Following the country’s first ever raid on a BitTorrent site in 2009, Russian authorities have now begun a criminal investigation into the operators of Interfilm.ru. Run by a married couple, the site is now at the center of copyright infringement claim which runs to a staggering $1.25 billion. Reports suggest that the investigation has also traced some of the site’s top users.
Claiming that the site was a major source of pre-release cammed movies with links to piracy groups outside the country, on May 26th 2009 the Russian Federation Ministry of Internal Affairs Investigation Committee under the Ministry of Internal Affairs carried out a raid on the the Russian BitTorrent tracker, Interfilm.ru.
The action followed complaints from anti-piracy group RAPO, a founding member of the MPA which represents the interests of Universal, Paramount, Sony, Warner Bros and 20th Century Fox in Russia.
At Interfilm’s Moscow base the police arrested several staff and also the main targets, husband and wife team Ivan and Irina Podorozhnikovymi.
Just over a year later the Interior Ministry Investigation Committee has now filed criminal charges against the pair, known online as ‘Ripper’ and ‘Nadezhda’. The scope of the accusations are quite incredible. Domestic and foreign film companies claim that the tracker caused 38.7 billion rubles in damages – a mind-blowing $1.253 billion.
Although it has not been revealed how this astronomical figure was reached, if convicted the founders – who the authorities say moved house and took technical measures to keep the site up during the investigation – could be facing up to six years in jail under Part 3 of Article 146 of the Criminal Code.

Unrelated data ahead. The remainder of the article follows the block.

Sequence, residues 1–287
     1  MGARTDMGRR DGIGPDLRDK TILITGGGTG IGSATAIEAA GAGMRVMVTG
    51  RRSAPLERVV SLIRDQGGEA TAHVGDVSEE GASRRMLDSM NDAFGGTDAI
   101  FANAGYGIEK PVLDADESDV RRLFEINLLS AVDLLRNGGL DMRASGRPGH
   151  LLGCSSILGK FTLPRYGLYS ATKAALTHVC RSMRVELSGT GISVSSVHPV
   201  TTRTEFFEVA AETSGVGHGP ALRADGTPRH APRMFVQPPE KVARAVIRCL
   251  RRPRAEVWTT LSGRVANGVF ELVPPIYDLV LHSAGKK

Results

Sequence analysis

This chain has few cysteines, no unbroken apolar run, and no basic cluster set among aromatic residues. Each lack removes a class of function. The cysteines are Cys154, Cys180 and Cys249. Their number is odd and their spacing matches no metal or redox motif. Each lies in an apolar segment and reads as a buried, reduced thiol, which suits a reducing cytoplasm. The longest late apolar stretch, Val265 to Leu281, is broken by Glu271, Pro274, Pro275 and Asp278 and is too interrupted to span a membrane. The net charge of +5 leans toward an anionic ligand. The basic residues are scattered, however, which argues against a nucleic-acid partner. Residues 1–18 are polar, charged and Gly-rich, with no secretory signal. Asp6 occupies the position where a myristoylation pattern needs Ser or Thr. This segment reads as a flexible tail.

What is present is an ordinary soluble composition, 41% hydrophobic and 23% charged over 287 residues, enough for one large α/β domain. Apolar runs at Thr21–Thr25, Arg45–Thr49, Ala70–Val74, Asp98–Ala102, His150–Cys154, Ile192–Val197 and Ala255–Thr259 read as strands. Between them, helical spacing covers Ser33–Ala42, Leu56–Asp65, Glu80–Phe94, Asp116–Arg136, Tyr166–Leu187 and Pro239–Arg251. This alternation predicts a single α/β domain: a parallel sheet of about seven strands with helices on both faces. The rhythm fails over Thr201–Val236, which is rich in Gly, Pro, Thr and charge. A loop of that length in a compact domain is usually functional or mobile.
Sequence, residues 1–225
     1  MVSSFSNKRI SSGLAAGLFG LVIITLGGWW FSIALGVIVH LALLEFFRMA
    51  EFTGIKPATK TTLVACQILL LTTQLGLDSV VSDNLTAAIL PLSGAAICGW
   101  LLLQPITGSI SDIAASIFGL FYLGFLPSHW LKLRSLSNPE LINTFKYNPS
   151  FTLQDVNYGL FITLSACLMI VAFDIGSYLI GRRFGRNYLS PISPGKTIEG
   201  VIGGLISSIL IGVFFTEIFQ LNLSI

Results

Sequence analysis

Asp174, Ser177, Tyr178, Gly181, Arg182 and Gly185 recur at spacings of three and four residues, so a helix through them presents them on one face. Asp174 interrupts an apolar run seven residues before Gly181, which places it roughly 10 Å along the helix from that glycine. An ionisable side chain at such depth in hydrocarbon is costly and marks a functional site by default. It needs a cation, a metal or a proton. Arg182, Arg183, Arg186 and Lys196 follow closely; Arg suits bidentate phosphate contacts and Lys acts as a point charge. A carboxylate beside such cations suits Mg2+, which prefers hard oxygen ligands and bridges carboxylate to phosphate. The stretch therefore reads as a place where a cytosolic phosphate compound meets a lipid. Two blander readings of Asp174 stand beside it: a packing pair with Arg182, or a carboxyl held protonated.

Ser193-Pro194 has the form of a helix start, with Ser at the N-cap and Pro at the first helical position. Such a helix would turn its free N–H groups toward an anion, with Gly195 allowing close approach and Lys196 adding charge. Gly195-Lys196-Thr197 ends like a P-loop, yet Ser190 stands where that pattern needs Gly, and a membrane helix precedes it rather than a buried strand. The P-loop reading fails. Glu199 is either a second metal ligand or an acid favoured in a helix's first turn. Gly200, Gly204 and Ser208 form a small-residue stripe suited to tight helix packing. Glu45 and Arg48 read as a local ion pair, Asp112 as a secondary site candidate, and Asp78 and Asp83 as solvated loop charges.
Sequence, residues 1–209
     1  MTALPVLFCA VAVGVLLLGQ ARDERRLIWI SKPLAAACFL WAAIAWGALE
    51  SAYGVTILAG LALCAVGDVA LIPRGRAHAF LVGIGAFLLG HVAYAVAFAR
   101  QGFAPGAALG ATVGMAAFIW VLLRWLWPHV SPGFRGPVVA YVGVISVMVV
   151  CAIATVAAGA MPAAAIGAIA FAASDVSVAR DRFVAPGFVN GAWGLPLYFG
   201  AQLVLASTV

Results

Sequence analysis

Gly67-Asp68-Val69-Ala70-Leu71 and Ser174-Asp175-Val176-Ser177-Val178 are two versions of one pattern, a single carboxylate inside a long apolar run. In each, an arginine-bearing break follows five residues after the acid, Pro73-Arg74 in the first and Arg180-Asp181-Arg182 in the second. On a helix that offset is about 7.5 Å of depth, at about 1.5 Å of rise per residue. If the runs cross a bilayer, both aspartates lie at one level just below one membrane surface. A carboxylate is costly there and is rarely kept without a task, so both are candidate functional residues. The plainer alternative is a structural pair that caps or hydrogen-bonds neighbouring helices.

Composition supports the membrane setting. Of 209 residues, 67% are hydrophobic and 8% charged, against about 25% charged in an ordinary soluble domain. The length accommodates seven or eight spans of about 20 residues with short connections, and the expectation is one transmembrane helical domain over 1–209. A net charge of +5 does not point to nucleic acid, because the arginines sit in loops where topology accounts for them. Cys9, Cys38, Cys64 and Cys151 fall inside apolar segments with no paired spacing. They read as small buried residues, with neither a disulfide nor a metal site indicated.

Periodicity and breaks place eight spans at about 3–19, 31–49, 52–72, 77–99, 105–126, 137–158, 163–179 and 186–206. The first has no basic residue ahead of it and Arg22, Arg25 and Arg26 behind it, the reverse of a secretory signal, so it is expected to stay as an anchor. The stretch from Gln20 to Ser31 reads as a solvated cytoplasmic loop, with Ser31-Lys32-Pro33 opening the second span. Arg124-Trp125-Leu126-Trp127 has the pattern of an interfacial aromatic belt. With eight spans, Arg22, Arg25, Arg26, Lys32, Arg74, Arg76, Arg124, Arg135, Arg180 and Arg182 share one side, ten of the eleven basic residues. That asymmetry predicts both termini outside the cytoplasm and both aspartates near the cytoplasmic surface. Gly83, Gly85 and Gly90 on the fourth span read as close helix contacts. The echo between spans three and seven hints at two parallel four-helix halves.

In addition to action against the site’s founders, there is an ongoing investigation into some of the top users of the site. However, in order to prove that regular users committed any crimes, under Russian law it would be necessary to prove they profited from their actions on a large scale.
There are claims that some individuals downloaded fresh movie releases from Interfilm and then uploaded them to their own sites. Police are considering whether to launch criminal investigations in these cases.
Although Interfilm went down after the initial raid, it reappeared at LeaseWeb in The Netherlands. The site remains operational today with a Malaysian host but is perhaps preparing for trouble. In addition to using the Interfilm.ru domain, the site is also in operation from BitHouse.org. Russia’s biggest torrent site, Torrents.ru, recently had to change its name to RUTracker.org after its domain was seized by Russian authorities.